Date of Award


Level of Access Assigned by Author

Campus-Only Dissertation

Degree Name

Doctor of Education (EdD)


Educational Leadership


Sarah Mackenzie

Second Committee Member

Dianne Hoff

Third Committee Member

Janet Fairman

Additional Committee Members

George Marnik

Edward Jadallah


Schools recognize the importance of implementing differentiated systems of supervision in order to meet teachers' developmental needs. New and at risk teachers are often offered high levels of support. Veteran teachers generally have less oversight of their practice because principals have instituted self-directed supervision plans whereby veteran teachers develop goals and professional growth plans and monitor their own progress toward goal achievement. Therefore, veteran teachers receive limited attention from their principals who spend little time visiting their classrooms or engaging them in professional conversation (Whitaker, 2003). This limited attention can lead to isolation and the disenfranchisement of those valuable teachers.

The walk-through approach to supervision has the potential to enhance schools' supervision plans through frequent classrooms visits and feedback conversations. This mixed-method study explored the enactment of walk-throughs in two Maine elementary schools and the impact of walk-throughs on the higher level needs for attention, recognition, feelings of success, and professional growth for teachers at various levels of the Teacher Career Cycle, especially those experienced teachers in the Competency Building and Enthusiastic and Growing stages (Fessler & Christensen, 1992). Data collection for this study included teacher surveys, teacher and principal interviews, and observations. Data analysis examined the impact of the walk-throughs and feedback conversations on teachers' higher level needs.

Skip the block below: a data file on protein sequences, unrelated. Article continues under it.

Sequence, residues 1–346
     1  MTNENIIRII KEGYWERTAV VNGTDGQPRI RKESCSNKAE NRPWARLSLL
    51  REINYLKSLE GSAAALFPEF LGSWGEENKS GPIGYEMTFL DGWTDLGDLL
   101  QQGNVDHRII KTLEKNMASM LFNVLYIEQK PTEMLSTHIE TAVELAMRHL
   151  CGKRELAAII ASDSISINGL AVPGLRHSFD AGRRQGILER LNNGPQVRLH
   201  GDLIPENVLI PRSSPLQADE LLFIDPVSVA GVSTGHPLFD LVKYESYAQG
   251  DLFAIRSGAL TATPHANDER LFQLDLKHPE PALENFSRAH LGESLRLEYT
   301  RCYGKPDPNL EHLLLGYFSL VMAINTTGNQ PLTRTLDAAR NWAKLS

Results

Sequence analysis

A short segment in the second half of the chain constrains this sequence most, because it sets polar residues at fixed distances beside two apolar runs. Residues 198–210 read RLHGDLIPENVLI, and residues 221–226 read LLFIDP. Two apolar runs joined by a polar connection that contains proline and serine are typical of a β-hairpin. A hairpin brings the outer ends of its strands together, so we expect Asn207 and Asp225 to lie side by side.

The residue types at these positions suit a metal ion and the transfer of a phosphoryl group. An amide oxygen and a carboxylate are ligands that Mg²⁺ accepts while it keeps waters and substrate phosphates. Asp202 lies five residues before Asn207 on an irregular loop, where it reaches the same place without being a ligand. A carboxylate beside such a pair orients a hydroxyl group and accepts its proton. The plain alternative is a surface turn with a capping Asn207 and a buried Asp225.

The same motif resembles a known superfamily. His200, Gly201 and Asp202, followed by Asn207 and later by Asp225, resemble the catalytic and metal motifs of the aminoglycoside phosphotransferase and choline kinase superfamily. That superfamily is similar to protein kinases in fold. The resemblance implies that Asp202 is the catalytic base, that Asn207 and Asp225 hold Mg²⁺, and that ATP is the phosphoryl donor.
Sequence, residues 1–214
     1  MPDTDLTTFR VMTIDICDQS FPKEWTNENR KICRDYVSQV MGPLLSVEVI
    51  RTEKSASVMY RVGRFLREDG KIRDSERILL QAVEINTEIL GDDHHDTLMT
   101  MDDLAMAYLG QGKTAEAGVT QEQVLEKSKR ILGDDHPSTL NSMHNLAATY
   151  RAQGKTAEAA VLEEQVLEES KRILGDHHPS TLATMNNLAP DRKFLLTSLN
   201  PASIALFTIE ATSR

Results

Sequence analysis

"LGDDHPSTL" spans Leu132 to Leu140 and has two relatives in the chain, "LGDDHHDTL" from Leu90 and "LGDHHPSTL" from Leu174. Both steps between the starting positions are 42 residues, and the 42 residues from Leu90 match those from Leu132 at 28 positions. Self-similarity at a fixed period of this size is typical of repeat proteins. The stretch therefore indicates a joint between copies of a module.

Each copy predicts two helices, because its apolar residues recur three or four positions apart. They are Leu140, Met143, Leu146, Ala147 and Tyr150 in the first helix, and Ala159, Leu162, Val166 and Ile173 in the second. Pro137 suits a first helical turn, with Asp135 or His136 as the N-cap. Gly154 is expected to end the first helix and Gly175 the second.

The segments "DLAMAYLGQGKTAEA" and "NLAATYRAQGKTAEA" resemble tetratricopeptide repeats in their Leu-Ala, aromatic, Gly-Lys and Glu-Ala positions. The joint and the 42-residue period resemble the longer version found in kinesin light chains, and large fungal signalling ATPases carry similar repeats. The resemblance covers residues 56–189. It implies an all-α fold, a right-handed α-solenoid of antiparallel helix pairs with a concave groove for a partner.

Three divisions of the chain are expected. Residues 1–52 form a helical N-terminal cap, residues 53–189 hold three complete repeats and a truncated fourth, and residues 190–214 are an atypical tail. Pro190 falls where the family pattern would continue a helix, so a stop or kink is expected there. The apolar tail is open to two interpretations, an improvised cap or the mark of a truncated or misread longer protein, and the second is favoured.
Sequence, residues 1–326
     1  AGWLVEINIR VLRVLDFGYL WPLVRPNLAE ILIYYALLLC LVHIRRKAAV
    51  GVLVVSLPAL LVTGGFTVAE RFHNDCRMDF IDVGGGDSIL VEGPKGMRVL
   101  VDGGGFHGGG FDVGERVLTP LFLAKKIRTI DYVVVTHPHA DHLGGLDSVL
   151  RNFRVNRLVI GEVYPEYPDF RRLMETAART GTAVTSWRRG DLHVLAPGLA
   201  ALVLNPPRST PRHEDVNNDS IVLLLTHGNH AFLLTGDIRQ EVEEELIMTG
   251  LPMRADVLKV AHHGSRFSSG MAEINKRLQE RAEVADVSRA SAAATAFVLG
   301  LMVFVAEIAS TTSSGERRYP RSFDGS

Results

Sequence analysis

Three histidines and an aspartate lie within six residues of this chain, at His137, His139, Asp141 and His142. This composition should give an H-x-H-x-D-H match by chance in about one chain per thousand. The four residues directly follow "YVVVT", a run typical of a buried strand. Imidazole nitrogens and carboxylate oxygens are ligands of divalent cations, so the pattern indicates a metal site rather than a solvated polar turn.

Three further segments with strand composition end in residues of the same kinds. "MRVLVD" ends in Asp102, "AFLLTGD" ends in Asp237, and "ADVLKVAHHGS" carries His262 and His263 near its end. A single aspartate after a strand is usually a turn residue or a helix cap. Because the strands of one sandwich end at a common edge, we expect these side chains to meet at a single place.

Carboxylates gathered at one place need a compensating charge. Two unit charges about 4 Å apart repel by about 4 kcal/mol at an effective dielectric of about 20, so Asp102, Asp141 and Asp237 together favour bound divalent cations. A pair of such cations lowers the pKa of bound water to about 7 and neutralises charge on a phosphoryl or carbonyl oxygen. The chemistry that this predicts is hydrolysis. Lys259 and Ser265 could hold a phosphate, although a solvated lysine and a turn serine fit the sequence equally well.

The study found principals enacting two types of walk-throughs at each school, a formal walk-through that required time to plan and provide feedback, and an informal walk-through that required little planning and informal, verbal feedback. Because formal walk-throughs were time consuming to organize they were not frequently enacted. However, informal walk-throughs and feedback conversations were enacted in each school on a regular basis, met teachers' higher level needs, and promoted professional growth for involved teachers.

This study adds to the existing literature on supervision suggesting a manageable approach to formative supervision. Walk-throughs have the potential to provide an approach to supervision that increases principal awareness, provides legitimate and helpful feedback, meets teachers' higher level needs, and promotes the professional growth of teachers in all career stages, especially those in the Competency Building and Growing and Enthusiastic stages.

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